How to succeed at tech transfer – and get great science to patients

A lot of great science—and future cures—originates in a university. But while the majority of basic biological research is conducted in an academic setting, nearly all clinical trials are sponsored by industry. This is why an efficient tech transfer process is critical to bringing groundbreaking science to patients.

On October 17, a BIO Investor Forum session, Succeeding at Technology Transfer: Best⁠ Practices for Industry-Academia Collaboration, brought together industry, investors, and university tech transfer professionals to discuss how the players can reach tech transfer agreements more efficiently—and get more cures to patients.

All panelists agreed: relationships are key.

Negotiation 101

The first thing to understand is that there’s no uniformity in tech transfer negotiations, said Hernan Bazan, CEO and Co-Founder of South Rampart Pharma, which is developing non-opioid pain solutions.

The second thing, he continued, is that negotiations are all about relationships: “Think of it as a fluid relationship,” as cash and support needs evolve, he said.

All parties should keep in mind that “tech transfer is a break-even business,” said Matt Goldman, a practicing physician and Partner at J2 Ventures, which invests in biotech startups.

And as an investor, “you never want to be in a negotiation where you don’t have a walk-away provision,” continued Goldman.

Universities should listen to the researchers creating the science—and if there is something promising, “push on that,” said Kirsten Leute, Partner, University Relations at Osage University Partners, which invests in startups created out of university research. She spent 20 years in tech transfer, mostly at Stanford University.

“Do an option agreement if you don’t have the structure for a license negotiation,” added Leute. Licensing agreements are complex and require a lot of players like attorneys.

Watch: Stephanie Marrus of University of California San Francisco discusses how we can make technology transfer more successful.

Can we standardize terms and licenses?

Leute is part of a group working on a standardized term sheet and license for start-up companies, which can “help everyone come to an easier process of getting to a license.” But there’s a lot of disagreement among industry, investors, and tech transfer offices about whether that’s a good idea, and what those terms should look like.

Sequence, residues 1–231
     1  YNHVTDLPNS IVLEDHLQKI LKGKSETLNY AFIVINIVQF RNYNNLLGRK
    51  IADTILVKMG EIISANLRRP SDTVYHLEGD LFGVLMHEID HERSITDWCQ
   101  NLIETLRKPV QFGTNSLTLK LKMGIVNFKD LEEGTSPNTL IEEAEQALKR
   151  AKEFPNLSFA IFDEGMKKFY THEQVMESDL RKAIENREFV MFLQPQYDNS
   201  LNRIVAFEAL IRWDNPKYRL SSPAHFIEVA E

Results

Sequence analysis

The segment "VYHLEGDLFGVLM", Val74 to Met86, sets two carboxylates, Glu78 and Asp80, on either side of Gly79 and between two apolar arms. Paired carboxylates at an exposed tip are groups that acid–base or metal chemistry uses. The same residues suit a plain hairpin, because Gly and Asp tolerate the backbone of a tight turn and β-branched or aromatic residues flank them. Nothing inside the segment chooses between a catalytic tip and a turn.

“Not every tech transfer office wants to put standard terms out, because that puts them at a disadvantage,” noted moderator Stephanie Marrus, Managing Director of Entrepreneurship at the University of California San Francisco (UCSF).

A lot of universities have “express” or standard license terms for startup licenses, said Leute. “I have an issue with those because I don’t understand a one-size-fits-all because your technology is not like other technology.”

Furthermore: “Everyone wants to negotiate,” she continued. “Even if you say this is a no-negotiation license, everyone wants to negotiate—so what is it accomplishing at that point?”

Is tech transfer a ‘zero-sum game’?

Many first-time or early entrepreneurs begin with what Goldman calls an “antagonist perspective,” or thinking the company is dead on arrival if there’s no walk-away provision. But it’s important to keep in mind that tech transfer is a “zero-sum game,” he said.

“As soon as we remove the ‘live or die’ discussion, it becomes a more natural negotiation.”

“Not all negotiations are easy, not all negotiations are pleasant,” he continued. “If there’s something that’s truly a sticking point, the venture world can step in and negotiate effectively” to get to terms that are acceptable.

Although some universities just want the technology to exist, others want aggressive terms, especially as tech transfer can be a valuable source of income for chancellors. However, many university tech transfer offices fall somewhere in the middle, and “entrepreneurs have a tremendous amount of power in those discussions,” he said.

And working towards a collaborative approach is key, panelists agreed.

“It’s kind of like the Greek tragedy, where everybody feels the victim in the relationship,” said Douglas Crawford, Managing General Partner of Mission BioCapital, which provides early-stage capital to life science entrepreneurs. “No one has the power and we’re all struggling to kind of make it work”—and ensure great science doesn’t fall victim to what he calls “the silent graveyard” of projects that never become companies.

“If you start with a trainwreck, it doesn’t become anything but a trainwreck,” added Leute. “But if you start talking about your needs for an opportunity and then understanding the other party’s views,” you can get to a “balance of power” where critical needs are met.

“If you strike the balance well at the beginning, it helps everything move more smoothly.”

To build trust, get in the same room

A member of the audience asked how to build trust, especially among first-time entrepreneurs who may be negotiating their first deal or meeting an investor for the first time.

Bazan noted that this is why building relationships is key.

“Bring everyone into the same room and get them on the same page,” said Leute. After COVID, many aspects of the process moved to Zoom, but getting “everyone who is important to the conversation in the same room is important to the conversation and getting over these issues.”

Get to know the other principals in the deal and understand what motivates them, added Marrus. This can form the basis of the conversation, and eventually trust.

“It’s about expectation more than anything else,” said Goldman. Noting that he’s seen negotiations drag out to the point of where the tech is not as interesting or able to be patented, he said getting over those hurdles is critical to see the science get to the market.

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